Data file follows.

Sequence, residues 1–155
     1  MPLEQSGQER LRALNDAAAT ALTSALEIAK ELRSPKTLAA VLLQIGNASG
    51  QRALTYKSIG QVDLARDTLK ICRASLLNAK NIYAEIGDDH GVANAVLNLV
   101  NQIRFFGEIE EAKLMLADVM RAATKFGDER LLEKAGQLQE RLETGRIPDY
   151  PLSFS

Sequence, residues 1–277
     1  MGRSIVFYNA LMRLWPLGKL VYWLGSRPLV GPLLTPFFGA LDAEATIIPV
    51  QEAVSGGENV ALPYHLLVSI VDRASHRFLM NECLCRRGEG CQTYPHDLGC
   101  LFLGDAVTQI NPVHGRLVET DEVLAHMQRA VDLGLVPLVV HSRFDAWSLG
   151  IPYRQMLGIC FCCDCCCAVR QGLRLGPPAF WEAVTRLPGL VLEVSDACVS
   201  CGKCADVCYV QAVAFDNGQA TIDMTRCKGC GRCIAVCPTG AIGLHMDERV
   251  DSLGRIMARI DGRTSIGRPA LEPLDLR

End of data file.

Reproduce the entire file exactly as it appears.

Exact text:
Sequence, residues 1–155
     1  MPLEQSGQER LRALNDAAAT ALTSALEIAK ELRSPKTLAA VLLQIGNASG
    51  QRALTYKSIG QVDLARDTLK ICRASLLNAK NIYAEIGDDH GVANAVLNLV
   101  NQIRFFGEIE EAKLMLADVM RAATKFGDER LLEKAGQLQE RLETGRIPDY
   151  PLSFS

Sequence, residues 1–277
     1  MGRSIVFYNA LMRLWPLGKL VYWLGSRPLV GPLLTPFFGA LDAEATIIPV
    51  QEAVSGGENV ALPYHLLVSI VDRASHRFLM NECLCRRGEG CQTYPHDLGC
   101  LFLGDAVTQI NPVHGRLVET DEVLAHMQRA VDLGLVPLVV HSRFDAWSLG
   151  IPYRQMLGIC FCCDCCCAVR QGLRLGPPAF WEAVTRLPGL VLEVSDACVS
   201  CGKCADVCYV QAVAFDNGQA TIDMTRCKGC GRCIAVCPTG AIGLHMDERV
   251  DSLGRIMARI DGRTSIGRPA LEPLDLR